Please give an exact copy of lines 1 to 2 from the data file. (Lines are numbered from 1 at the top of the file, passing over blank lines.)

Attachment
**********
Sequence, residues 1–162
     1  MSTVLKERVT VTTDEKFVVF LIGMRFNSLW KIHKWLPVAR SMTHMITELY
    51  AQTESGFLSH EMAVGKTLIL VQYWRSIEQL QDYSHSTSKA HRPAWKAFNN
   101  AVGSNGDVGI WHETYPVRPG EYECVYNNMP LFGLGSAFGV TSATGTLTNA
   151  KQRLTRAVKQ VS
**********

Sequence, residues 1–162
     1  MSTVLKERVT VTTDEKFVVF LIGMRFNSLW KIHKWLPVAR SMTHMITELY